General Information

2017-2018

Institutional Values and Principles

Graduate Education

The Colorado School of Mines is dedicated to serving the people of Colorado, the nation and the global community by providing high quality educational and research experiences to students in science, engineering and related areas that support the institutional mission. Recognizing the importance of responsible earth stewardship, Mines places particular emphasis on those fields related to the discovery, production and utilization of resources needed to improve the quality of life of the world's inhabitants and to sustain the earth system upon which all life and development depend. To this end, Mines is devoted to creating a learning community that provides students with perspectives informed by the humanities and social sciences, perspectives that also enhance students' understanding of themselves and their role in contemporary society. Mines therefore seeks to instill in all graduate students a broad class of developmental and educational attributes that are guided by a set of institutionally vetted educational objectives and student learning outcomes. For doctoral and masters degree programs, these are summarized below.

Doctoral Programs

Institutional Educational Objectives:

  1. PhD graduates will advance the state of the art of their discipline (integrating existing knowledge and creating new knowledge) by conducting independent research that addresses relevant disciplinary issues and by disseminating their research results to appropriate target audiences.
  2. PhD graduates will be scholars and international leaders who exhibit the highest standards of integrity.
  3. PhD graduates will advance in their professions and assume leadership positions in industry, government and academia.

Institutional Student Outcomes:

  1. Demonstration of exemplary disciplinary expertise.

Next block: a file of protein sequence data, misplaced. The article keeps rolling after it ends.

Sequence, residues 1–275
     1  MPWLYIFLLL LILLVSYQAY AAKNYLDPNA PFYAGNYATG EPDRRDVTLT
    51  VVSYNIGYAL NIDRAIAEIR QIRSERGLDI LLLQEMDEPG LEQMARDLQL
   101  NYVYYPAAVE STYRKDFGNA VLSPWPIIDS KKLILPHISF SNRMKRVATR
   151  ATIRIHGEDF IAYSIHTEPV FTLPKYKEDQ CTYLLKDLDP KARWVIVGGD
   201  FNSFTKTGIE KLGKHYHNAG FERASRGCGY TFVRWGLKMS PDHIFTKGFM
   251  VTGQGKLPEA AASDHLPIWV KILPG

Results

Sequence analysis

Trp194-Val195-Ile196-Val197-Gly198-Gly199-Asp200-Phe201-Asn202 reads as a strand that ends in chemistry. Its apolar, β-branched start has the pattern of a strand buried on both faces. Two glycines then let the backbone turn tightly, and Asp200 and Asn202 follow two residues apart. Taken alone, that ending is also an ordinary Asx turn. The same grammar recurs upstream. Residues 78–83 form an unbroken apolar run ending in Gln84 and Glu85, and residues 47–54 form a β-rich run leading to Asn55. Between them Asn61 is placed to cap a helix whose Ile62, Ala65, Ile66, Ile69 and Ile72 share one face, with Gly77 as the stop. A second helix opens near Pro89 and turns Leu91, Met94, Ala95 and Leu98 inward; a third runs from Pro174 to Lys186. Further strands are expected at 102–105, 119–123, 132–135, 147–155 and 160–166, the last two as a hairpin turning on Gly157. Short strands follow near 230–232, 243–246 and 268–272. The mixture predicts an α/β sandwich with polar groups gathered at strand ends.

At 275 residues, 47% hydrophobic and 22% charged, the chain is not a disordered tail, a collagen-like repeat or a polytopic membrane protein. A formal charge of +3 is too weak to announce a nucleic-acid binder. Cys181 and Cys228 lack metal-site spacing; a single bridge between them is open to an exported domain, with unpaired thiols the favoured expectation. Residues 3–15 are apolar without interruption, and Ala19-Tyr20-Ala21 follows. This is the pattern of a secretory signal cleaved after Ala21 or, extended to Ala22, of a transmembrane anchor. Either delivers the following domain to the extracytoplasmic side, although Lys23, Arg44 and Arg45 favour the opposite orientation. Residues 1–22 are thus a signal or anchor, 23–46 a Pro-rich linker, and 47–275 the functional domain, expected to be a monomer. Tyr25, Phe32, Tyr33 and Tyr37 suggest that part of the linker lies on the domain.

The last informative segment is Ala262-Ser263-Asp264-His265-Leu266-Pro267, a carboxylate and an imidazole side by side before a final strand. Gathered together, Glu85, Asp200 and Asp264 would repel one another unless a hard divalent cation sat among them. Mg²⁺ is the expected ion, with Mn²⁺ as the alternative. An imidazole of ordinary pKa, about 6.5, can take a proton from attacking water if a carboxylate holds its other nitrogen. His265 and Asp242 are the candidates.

2. Demonstration of a set of skills and attitudes usually associated with our understanding of what it is to be an academic scholar (e.g., intellectual curiosity, intellectual integrity, ability to think critically and argue persuasively, the exercise of intellectual independence, a passion for life-long learning, etc.).
  3. Demonstration of a set of professional skills (e.g., oral and written communication, time-management, project planning, teaching, teamwork and team leadership, cross-cultural and diversity awareness, etc.) necessary to succeed in a student's chosen career path.

Masters Programs

The Colorado School of Mines offers a wide variety of Masters-level degree programs that include thesis and non-thesis Master of Science programs, Master of Engineering programs, Professional Master's programs and a Master of International Political Economy of Resources. While the objectives and outcomes provided below document expectations of all Masters-level programs, it is expected that given the diversity of program types, different programs will emphasize some objectives and outcomes more than others.

Institutional Educational Objectives:

  1. Masters graduates will contribute to the advancement of their chosen fields through adopting, applying and evaluating state-of-the-art practices.
  2. Masters graduates will be viewed within their organizations as technologically advanced and abreast of the latest scholarship.
  3. Masters graduates will exhibit the highest standards of integrity in applying scholarship.
  4. Masters graduates will advance in their professions.

Institutional Student Outcomes:

  1. Graduates will demonstrate exemplary disciplinary expertise.
  2. Graduates will demonstrate the ability to conduct direct research; the ability to assimilate and assess scholarship; and the ability to apply scholarship in new, creative and productive ways.